Fuzzing can be set off by the abrasive action of ripple-soled shoes or rubber-soled sports shoes. Therefore, fuzzing is most apparent in areas where feet are shuffled, such as under tables or in front of lounge chairs. Protective mats in these abrasion sensitive areas should be considered.
Shedding or fuzzing is a normal characteristic of some carpets and is not a manufacturing defect unless it is excessive and does not respond to corrective measures.
6. Spouting and Snagging
Spouts are odd ends in cut pile carpets that extend above the surface of the pile. Sprouts can emanate from manufacture, installation and use.
In the manufacture of a cut pile carpet, the odd tuft can partly double over and become hidden below the prevailing level of the carpet pile. During the finishing process, these tufts can escape the shearing blades that level the pile surface to the even look of a cut pile carpet. In service, these extra long tufts or loops tend to work upwards helped by foot traffic or vacuum cleaning.
Spouts can also be caused during installation by the action of a knee kicker or power stretcher head. Sprouts produced in this manner are usually found around the perimeter of rooms and near seams and joins. Damaged or badly adjusted teeth in the installers' carpet stretching tool are usually the cause of these sprouts. Similarly, the installer may not have applied sufficient tension to the head of the tool when stretching or withdrawing it from the carpet's pile.
The installer can also introduce sprouting at seams on loop pile carpet by cutting into the loops and not running the cutting tool along or across loop lines.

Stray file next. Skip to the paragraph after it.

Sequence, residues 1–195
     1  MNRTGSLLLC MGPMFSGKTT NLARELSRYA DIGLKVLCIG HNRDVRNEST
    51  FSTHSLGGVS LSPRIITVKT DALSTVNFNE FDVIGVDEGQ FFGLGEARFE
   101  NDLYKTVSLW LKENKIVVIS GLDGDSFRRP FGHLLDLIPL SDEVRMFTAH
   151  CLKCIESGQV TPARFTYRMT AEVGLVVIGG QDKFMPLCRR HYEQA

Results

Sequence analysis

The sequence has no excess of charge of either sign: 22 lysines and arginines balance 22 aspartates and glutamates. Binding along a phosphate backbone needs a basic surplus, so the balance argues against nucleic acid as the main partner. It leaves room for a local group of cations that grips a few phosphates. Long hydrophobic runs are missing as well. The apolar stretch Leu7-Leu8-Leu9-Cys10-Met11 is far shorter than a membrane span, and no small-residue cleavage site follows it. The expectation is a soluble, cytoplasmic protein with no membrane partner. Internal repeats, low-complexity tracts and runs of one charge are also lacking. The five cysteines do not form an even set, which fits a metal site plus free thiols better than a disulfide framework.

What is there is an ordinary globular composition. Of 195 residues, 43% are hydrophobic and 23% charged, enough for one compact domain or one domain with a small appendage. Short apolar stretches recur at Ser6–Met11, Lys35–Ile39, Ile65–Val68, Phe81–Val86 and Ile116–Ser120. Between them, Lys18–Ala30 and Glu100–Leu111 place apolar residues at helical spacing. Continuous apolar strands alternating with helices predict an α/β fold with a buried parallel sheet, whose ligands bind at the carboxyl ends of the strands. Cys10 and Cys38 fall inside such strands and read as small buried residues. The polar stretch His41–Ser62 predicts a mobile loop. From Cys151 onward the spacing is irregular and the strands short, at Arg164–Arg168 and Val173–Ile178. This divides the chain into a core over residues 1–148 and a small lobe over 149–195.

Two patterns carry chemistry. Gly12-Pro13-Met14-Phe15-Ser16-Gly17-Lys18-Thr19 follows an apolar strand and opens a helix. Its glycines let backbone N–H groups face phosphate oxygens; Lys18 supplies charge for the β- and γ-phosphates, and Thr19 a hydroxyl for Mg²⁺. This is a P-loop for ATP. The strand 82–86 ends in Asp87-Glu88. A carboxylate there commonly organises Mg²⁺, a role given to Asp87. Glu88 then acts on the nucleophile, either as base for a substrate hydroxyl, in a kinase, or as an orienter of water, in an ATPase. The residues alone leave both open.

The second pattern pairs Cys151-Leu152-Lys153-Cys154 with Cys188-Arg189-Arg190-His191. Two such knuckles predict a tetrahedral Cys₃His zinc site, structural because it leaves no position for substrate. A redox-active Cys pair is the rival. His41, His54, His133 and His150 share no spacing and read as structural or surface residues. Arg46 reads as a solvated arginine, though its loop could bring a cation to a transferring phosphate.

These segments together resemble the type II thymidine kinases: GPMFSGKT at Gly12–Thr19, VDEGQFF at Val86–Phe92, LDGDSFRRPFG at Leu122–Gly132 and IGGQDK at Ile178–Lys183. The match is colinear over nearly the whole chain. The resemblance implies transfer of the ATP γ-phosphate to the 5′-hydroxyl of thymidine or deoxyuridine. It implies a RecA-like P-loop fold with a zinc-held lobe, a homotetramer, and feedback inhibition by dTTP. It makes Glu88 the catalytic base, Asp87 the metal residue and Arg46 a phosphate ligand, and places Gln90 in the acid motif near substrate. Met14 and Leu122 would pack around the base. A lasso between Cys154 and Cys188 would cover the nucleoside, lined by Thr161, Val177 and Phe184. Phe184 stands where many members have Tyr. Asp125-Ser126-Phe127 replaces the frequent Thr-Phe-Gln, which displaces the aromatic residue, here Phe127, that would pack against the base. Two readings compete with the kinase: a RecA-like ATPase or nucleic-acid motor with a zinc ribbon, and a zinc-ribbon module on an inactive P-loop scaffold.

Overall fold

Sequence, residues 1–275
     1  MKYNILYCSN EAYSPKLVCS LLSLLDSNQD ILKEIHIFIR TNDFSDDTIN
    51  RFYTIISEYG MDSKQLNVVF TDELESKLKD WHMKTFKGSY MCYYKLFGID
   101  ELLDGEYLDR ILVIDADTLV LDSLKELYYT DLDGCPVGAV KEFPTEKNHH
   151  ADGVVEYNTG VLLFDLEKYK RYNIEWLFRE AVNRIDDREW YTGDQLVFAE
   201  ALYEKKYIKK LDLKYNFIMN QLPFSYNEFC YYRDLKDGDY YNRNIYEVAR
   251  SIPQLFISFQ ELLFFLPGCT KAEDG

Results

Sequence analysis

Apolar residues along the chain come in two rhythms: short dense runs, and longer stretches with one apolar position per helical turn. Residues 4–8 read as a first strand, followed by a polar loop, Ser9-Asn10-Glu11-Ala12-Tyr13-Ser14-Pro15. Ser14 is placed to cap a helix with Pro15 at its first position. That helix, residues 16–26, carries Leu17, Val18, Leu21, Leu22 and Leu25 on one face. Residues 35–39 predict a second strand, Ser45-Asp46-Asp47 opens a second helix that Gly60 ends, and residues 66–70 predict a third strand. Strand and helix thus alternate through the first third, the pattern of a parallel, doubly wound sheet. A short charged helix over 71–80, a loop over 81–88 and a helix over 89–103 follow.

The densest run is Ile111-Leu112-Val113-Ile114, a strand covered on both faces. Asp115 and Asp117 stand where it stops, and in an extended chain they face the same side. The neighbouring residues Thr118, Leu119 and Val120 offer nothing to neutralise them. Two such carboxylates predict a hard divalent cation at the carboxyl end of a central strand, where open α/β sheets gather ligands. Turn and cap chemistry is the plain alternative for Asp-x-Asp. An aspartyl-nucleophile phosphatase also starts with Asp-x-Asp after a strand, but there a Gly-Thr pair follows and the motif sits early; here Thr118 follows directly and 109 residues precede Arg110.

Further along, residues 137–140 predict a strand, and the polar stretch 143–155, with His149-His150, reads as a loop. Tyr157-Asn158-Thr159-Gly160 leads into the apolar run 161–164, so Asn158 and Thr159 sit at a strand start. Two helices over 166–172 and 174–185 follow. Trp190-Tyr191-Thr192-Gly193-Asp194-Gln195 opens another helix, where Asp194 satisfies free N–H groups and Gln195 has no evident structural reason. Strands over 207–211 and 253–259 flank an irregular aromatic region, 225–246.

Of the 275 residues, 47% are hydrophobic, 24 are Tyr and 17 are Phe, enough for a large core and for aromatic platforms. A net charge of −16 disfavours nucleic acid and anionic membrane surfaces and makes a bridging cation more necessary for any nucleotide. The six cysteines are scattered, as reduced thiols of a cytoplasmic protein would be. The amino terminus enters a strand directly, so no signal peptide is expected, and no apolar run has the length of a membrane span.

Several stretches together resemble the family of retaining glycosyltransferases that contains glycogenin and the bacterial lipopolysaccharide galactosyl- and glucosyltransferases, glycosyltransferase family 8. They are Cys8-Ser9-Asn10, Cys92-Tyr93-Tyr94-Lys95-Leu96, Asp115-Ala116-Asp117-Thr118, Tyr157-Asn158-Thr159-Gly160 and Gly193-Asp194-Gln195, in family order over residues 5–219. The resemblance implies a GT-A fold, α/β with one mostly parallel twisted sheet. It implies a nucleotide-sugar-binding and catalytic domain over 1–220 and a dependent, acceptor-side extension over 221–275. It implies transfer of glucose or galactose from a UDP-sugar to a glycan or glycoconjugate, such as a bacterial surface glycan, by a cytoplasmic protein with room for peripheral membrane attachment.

Sprouts can also be produced when the carpet is in use. Common causes are the pull of protruding shoe nails, animal claws, children's toys, the sharp edges of vacuum cleaner heads and the dragging movement of furniture over the carpet.
Sprouting can be easily trimmed without damaging the carpet and can be readily fixed on site by a skilled installer or carpet professional.
Snagging is the forceful removal or distortion of tufts from a loop pile carpet. The same forces that cause sprouting cause snagging. If tuft bind is insufficient, the effects of snagging are most likely to be seen on the risers of stairs and steps where catching and scuffling often occurs.
With a carpet surface made up of small loops, the likelyhood of catching and pulling is much higher than compared to cut pile carpets. For this reason, manufacturers apply higher levels of adhesion between the pile and the backing fabrics to firmly anchor the loop into place. In grading schemes like the ACCS, the minimum tuft withdrawal force requirements for loop pile carpets will be significantly higher that the tuft withdrawal requirements for cut pile carpets.
There are well-established tests to determine whether bonding of the carpet tufts to the backing fabric is at an acceptable level. Tested properties can then be compared directly to the tuft withdrawal requirements (bond strength) of the carpet grading schemes and if a product is found to be deficient in the area of bond strength, the customer can expect redress.
In summary, sprouting and snagging in carpets can be caused by deficiencies in the manufacturing process, by the carpet installer or by the customer. In each case, the responsible party or action can generally be identified by physical evidence and the problem resolved accordingly.